He made a slip up, not a lie. Credit is due and he just worded it an easily misinterpreted way.

"Moreover, there is no question in our minds that while serving as Senator, Gore's initiatives had a significant and beneficial effect on the still-evolving Internet. The fact of the matter is that Gore was talking about and promoting the Internet long before most people were listening. We feel it is timely to offer our perspective."

It is accepted in those circles that Gore deserves credit for promoting the concept and hastening its growth. It IS indeed VERY similar to the Bill Gates 640K stuff. I'm not really sure anymore but I seem to recall someone with knowledge on the matter quoting him with something like "640K ought to be enough for everybody". That sentence was used in a particular context and made perfect sense at the time, but as Al Gore's statement it was distorted to mean something it did not.

The main question is: Do you think he was trying to take credit for the invention of the Internet?
Any sane person will know he wasn't. He was doing what every other politician does. He was summing up his most important choices and actions that have had a positive impact on Americans in particular and the world in general. Although it may not be elegant to rave about all the great things you have done in the past, it is hard not to do it on some situations so I don't blame him for that.

As for the suggestion that I am associated with Al Gore or the Democratic party... please!! That sounds like the answer Sony fan boys give when one bashes the PS3... I'm Portuguese, I live in Europe, I have never and will never vote on a U.S. election. I just hate it when people bash someone for a distorted slip up instead of giving them credit for the important actions that person may have taken (and in this case they are directly connected). Keep on downrating and I'll keep on defending him about this matter... Maybe a few uninformed people will read it and be willing to search Google, and stop taking these "quotes" for granted.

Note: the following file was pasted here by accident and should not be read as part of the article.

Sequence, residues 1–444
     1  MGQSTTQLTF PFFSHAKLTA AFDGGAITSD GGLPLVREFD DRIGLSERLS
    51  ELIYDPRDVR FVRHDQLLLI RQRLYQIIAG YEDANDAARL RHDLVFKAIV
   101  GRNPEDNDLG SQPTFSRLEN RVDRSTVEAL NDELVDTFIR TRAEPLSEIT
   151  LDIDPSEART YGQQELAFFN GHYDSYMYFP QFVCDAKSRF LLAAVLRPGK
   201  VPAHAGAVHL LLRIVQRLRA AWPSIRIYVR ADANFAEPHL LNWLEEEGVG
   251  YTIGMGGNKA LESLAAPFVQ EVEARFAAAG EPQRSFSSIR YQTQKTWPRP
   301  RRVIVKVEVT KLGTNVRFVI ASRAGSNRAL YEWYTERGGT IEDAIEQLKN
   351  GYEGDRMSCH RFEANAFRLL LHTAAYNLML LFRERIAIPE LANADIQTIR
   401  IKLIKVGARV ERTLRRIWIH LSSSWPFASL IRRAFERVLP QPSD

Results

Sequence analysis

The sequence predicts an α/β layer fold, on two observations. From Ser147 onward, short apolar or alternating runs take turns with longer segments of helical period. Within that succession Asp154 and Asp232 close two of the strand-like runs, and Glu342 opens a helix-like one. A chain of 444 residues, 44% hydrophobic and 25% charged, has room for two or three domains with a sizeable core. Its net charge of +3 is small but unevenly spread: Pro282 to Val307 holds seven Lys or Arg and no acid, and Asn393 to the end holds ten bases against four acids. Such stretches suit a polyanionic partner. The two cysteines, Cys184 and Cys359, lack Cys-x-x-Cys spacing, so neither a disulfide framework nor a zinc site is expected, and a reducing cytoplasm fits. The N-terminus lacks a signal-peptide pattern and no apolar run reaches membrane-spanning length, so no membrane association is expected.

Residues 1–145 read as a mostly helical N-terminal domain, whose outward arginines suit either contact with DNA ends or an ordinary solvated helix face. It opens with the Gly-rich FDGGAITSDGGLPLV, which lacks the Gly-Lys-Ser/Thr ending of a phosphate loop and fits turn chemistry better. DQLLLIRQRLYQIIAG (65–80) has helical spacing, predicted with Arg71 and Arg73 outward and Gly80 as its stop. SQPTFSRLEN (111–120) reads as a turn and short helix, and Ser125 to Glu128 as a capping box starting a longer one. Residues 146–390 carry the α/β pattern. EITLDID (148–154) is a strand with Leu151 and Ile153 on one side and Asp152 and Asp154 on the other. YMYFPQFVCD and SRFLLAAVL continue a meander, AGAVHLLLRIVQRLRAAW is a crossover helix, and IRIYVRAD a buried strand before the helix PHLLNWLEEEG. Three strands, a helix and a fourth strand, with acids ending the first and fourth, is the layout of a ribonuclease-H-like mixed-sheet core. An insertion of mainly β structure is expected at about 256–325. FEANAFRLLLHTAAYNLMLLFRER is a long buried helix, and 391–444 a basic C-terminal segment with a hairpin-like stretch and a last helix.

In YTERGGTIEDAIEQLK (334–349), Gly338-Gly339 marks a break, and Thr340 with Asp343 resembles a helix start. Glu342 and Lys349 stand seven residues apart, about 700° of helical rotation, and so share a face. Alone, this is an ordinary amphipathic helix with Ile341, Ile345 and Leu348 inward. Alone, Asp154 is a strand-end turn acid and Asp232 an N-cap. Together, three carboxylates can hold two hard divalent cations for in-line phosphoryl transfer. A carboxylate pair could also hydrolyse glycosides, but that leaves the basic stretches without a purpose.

No matter what my political beliefs may be, I'm standing up for what I believe is justice, instead of spreading disinformation on the internet... I may be a needle in a thousand haystacks on the internet, but at least I wanna make my needle a good one and not a sheepish, follow the masses, ignorant one.

RE: Did you know...
By masher2 on 1/2/2007 12:21:46 PM , Rating: 2
> "He made a slip up, not a lie..."

He vastly exaggerrated his own contribution. It certainly wasn't a "slip up", and it merely continued his long-standing tradition of inflating his actions beyond all pretense of reality.

RE: Did you know...
By oTAL on 1/5/2007 1:55:33 PM , Rating: 2
He vastly exaggerrated his own contribution. It certainly wasn't a "slip up", and it merely continued his long-standing tradition of inflating his actions beyond all pretense of reality.

That, I am in no position to argue since, as I mentioned, I am not American and I don't closely follow the smaller issues in your country. That means I have to take your word for it.
On the other hand, you should be able to admit that anyone who quotes Al Gore as saying "I invented the internet" is a sheepish numbnut and should be corrected (or disregarded).

RE: Did you know...
By oTAL on 1/5/2007 2:31:23 PM , Rating: 2
One interesting thing on our little discussion here is that we are both presenting our arguments constructively (unlike some other people who replied to the thread) and, given the choice, I'd uprate your comments although I may not agree with them. Yet, I always get slammed for actively and coherently displaying my opinion when it goes against the masses. Still, when my opinion follows the masses I feel less need to express it (which, when it happens, usually gives me high ratings).
I guess that means follow the herd types, with a knack for quick witty jokes, get the high ratings around here....

"I mean, if you wanna break down someone's door, why don't you start with AT&T, for God sakes? They make your amazing phone unusable as a phone!" -- Jon Stewart on Apple and the iPhone